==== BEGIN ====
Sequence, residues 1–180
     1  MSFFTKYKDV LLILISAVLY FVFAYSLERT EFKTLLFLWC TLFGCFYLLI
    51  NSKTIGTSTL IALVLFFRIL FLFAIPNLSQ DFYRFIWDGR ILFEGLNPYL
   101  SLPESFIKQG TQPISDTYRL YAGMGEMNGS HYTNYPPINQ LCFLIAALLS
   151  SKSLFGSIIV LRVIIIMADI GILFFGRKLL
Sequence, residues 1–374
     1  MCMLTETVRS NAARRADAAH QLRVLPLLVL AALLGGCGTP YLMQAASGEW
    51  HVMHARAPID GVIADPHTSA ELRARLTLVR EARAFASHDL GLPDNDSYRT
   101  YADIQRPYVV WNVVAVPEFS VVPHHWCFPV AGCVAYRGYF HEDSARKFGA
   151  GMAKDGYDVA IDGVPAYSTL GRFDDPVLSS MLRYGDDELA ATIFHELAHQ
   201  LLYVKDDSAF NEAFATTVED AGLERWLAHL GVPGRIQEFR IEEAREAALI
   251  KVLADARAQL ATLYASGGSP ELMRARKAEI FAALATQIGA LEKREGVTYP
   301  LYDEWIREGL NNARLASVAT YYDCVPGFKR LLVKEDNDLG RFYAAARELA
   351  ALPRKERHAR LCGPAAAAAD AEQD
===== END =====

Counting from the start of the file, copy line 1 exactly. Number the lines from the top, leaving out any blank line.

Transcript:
Sequence, residues 1–180